The topic of green jobs has frequently been associated with the study of sustainable development, the green economy, the circular economy and international agreements on the environment, bringing to the fore the issue of promoting those production and distribution processes that involve the use of procedures, techniques and technologies conducive to the preservation of the qualities of the environment.
Thus, several studies have shown that achieving sustainable development requires rethinking and reformulating the current economic model, which should help promote a transition to a socially and environmentally equitable economy in a context in which the two main challenges facing the 21st Century seem to be the protection of the environment and the transformation of decent work into reality [32]. Following the same line of thinking, ref. [19] points out that the prospects for future growth are important, as the degree of awareness of ecological and environmental issues is constantly growing. Furthermore, the above-mentioned study provides an overview of the economy and economic policies in the framework of the European Environment Agreement and the Spanish Recovery Plan, paying a special attention to the tourism sector and the real opportunities for creating green jobs in the Spanish tourism market and concluding that green jobs are still limited in the Spanish tourism industry.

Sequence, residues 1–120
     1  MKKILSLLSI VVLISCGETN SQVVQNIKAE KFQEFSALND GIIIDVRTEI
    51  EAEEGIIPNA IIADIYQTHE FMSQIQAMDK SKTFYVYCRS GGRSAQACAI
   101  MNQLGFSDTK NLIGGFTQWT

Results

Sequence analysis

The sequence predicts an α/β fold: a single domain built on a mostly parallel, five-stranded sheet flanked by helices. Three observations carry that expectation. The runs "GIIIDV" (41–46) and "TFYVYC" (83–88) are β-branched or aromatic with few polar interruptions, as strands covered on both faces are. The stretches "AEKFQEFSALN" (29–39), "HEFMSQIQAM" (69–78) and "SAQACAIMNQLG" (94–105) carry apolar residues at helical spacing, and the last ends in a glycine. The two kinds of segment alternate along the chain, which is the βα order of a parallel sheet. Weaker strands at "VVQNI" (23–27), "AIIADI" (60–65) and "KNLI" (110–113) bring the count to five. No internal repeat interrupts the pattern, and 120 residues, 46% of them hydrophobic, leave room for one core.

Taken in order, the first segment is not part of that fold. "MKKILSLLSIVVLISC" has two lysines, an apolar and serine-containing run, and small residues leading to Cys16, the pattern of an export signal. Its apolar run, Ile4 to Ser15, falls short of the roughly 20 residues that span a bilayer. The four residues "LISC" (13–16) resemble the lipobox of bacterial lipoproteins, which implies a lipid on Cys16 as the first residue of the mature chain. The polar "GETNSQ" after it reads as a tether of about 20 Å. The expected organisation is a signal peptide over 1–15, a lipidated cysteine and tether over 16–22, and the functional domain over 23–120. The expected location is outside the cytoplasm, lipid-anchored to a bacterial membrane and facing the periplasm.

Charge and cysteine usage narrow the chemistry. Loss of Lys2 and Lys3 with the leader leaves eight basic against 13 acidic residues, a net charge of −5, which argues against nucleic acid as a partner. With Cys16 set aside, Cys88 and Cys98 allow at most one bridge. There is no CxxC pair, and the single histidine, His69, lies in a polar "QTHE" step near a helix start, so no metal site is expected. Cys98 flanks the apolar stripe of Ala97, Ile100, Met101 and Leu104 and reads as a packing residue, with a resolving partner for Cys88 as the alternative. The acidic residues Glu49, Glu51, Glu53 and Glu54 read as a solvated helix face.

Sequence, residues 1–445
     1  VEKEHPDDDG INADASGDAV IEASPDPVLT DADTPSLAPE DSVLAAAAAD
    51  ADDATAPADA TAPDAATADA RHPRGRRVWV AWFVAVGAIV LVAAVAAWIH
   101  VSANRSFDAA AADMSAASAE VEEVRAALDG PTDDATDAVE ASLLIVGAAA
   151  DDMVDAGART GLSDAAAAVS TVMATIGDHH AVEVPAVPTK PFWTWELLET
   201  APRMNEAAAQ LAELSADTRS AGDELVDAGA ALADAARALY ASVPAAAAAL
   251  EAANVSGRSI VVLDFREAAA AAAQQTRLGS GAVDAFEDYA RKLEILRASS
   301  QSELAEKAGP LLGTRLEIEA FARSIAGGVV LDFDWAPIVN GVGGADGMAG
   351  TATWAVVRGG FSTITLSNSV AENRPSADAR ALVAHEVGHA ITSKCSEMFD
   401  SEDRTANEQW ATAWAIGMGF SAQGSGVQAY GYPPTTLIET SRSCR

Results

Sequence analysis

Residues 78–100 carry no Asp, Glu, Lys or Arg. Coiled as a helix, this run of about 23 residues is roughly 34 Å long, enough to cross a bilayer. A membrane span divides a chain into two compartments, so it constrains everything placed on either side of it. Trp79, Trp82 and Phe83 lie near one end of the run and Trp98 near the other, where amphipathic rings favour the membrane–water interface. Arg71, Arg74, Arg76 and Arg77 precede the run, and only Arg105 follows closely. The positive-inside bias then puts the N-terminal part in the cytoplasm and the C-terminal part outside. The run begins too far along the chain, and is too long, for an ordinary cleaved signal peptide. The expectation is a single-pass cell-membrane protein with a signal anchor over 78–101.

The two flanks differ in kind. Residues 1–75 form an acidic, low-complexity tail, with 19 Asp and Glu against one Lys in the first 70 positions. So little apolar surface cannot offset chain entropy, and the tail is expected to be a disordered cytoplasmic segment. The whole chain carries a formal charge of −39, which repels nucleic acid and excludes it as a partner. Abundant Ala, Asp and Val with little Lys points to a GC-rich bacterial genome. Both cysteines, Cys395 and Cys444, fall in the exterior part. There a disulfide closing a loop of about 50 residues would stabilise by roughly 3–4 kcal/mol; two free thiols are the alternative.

Moreover, what we discovered reviewing the literature on the development of green jobs is the soft connection between them and higher education institutions. Lee and van der Heijden reveal that there are solid foundations from which we can start by designating universities as key players in the knowledge economy, promoting the green economy through research and development, partnerships, and education. By collaborating with corporations and governments, universities have the opportunity to indirectly influence the demand for green jobs [30]. Green jobs entail a set of green skills that universities grant. At the same time, universities can directly contribute to the creation of green jobs by producing knowledge on the best actions to be taken to combat climate change. Lee and van der Heijden give the example of Cornell University, which cut its carbon dioxide emissions by 30% from 2008 to 2019, implementing a climate action plan and creating green jobs. Two commendable initiatives fall into the same category—Climate Leadership Network and “We Are Still In” [30]. The empirical results of the same study indicate that areas with higher GDP have a higher potential to provide more green jobs; therefore, most policies should be geared towards lower GDP metropolitan areas.
Further studies addressing the issue of green jobs focus on topics closely related to the environment, such as waste management [27], focusing on reducing, preventing, and recycling waste, and producing energy from waste, where the most efficient results can be achieved by implementing waste selective collection. The results of these studies clearly show that the most effective alternative for applying the circular economy model is the specific measures applied by green enterprises in the field of selective collection and recycling of waste, followed by green jobs and, finally, ecological activities assumed by the wide public [27].